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From: Jeff Squyres (jsquyres_at_[hidden])
Date: 2000-12-18 09:28:41

On Sun, 17 Dec 2000, John Maddock wrote:

> >Let me restate the idea:
> >
> >1) Such a wrapper compiler would only be necessary for boost developers --
> >i.e., those who wish to compile out of the CVS [development] tree. As
> >such, I'm not sure that it would apply to commercial users.
> Then let me restate the problem - how would this developer use such a
> wrapper in his IDE which comes with an integrated compiler (ie the
> compiler is not called as an external program). Yes I can enter
> multiple include paths, but IMO this is an extreme evil - more than
> one during development is possible but unpleasant; things start to get
> very flaky very quickly (this developer much as well as the IDE!), so
> having one for each library (if I'm to work on the checked out
> source), is probably a non-starter at least for me.

Excellent point -- I hadn't thought of that (unix bias blinded me here).

But as you mentioned below, don't most Windows compilers come with a make
type of system? Can you just override the CCC or CXX (or whatever) make
macro to use the wrapper compiler?

> Let me clarify: I'm not saying that we should not have an integrated
> build/install system. I am saying that it should not be mandatory to
> use it, I would consider STLPort a reasonable example here - single
> developers can work with the source tree "as is" - alternatively the
> whole thing can be built and installed reasonably painlessly (OK I
> admit that the gcc makefiles have no install step, mainly to keep them
> portable I would guess).

Sure -- I'd agree with that. If you install, you use boost in a certain
way. If you don't install (i.e., use it from the development/CVS tree),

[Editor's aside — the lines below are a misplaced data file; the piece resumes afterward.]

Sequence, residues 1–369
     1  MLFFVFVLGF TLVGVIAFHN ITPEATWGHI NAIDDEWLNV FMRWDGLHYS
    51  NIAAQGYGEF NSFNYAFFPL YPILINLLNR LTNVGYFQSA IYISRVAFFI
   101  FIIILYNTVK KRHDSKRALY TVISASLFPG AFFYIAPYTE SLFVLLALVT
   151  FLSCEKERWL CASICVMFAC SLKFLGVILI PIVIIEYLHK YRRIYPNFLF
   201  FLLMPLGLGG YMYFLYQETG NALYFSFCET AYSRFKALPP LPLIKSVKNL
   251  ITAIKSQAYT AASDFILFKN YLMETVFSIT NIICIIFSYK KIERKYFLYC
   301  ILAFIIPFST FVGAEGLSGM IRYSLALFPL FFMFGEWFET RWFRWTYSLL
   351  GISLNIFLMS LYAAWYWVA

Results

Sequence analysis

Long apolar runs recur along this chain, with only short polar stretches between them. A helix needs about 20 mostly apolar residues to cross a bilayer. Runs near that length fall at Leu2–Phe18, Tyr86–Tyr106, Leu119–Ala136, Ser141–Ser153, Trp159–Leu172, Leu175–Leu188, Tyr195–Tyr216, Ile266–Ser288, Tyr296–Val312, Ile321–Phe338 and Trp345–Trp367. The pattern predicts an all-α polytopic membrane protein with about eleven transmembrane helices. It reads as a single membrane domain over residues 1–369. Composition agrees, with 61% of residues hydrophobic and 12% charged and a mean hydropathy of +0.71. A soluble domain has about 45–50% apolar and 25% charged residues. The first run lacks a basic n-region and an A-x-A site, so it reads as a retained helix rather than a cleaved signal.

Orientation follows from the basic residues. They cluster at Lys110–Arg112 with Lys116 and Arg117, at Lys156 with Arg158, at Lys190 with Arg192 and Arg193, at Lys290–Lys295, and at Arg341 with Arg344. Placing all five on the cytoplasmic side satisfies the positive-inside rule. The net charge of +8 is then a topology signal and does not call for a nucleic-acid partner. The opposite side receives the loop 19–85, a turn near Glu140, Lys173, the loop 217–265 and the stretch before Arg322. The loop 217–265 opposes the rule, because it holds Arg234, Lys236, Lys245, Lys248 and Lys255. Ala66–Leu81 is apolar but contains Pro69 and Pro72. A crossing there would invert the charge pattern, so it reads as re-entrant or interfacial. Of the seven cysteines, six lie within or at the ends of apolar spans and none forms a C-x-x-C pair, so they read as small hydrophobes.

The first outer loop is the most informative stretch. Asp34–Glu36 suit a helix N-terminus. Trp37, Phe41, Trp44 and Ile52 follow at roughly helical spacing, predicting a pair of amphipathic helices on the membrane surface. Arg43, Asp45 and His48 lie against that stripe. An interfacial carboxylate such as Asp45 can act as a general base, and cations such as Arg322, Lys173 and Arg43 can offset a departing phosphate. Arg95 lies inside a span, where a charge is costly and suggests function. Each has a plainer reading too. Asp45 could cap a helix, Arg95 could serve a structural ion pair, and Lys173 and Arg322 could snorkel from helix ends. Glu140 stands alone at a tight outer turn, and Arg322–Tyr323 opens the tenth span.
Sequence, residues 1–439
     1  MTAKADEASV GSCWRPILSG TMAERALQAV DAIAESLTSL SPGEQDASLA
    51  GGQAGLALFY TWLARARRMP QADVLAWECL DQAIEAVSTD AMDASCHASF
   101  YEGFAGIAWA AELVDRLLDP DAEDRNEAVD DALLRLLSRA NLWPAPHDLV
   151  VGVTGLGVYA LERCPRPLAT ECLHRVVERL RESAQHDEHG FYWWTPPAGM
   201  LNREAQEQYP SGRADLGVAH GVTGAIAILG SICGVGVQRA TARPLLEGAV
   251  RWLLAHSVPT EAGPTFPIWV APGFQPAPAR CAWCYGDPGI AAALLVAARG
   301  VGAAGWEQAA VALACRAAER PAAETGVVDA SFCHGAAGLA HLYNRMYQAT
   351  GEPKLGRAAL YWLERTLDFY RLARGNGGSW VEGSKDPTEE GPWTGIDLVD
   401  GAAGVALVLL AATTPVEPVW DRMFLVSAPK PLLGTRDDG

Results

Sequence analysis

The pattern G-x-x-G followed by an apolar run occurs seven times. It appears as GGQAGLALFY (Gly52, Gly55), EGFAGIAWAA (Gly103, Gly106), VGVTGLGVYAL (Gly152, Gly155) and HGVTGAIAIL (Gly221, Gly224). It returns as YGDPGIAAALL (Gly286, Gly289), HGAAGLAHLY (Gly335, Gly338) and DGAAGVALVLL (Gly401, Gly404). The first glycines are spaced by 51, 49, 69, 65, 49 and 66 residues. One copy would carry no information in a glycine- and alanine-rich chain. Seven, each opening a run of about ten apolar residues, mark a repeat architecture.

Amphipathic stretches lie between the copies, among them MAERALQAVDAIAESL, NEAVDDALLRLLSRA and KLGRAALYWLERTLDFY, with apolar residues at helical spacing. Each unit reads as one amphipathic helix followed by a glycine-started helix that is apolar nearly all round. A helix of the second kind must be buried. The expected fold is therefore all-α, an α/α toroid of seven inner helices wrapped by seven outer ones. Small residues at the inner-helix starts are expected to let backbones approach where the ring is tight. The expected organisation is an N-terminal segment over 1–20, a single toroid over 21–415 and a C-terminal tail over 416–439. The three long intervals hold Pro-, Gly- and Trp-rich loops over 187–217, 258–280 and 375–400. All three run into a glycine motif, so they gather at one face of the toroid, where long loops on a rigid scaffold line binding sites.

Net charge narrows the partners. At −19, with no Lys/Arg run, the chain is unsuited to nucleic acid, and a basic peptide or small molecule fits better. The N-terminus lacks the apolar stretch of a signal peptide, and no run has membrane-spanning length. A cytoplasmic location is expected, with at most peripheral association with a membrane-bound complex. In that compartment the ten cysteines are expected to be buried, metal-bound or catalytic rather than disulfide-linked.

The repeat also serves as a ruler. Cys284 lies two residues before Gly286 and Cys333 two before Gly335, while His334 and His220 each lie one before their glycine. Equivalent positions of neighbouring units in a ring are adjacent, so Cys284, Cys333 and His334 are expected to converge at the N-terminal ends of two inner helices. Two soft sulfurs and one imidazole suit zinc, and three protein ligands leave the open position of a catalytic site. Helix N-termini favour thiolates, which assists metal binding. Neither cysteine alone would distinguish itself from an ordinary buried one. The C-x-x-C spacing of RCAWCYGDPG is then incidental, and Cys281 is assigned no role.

you use boost in a different way (perhaps with a wrapper compiler).

> >Boost should *not* limit itself to the idea of single-user installations.
> No, I don't believe that we do, we just need an install script for the
> current structure.


> In my ideal world: we would write an "build/install generator", that
> is a short script (any language you like, only the maintainer need run
> it) that generates platform specific makefiles/install scripts based
> on it's knowledge of the boost directory structure. IMO we can do
> that perfectly well with either the current structure, or something
> very like it.

That would be wonderful.

> BTW if you want to be able to install only parts of boost then all
> that's needed to split the current monolithic include structure during
> the install, is a list of which headers are required by each library
> (with dependencies from there on worked out automatically).

Also agreed. It would be *Good* to re-split the .hpp files back into
their respective subdirectories, but if this makes an easy build mechanism
for boost developers not possible (although I believe that it must be,
somehow), the scheme you just outlined may be workable.

{+} Jeff Squyres
{+} squyres_at_[hidden]
{+} Perpetual Obsessive Notre Dame Student Craving Utter Madness
{+} "I came to ND for 4 years and ended up staying for a decade"

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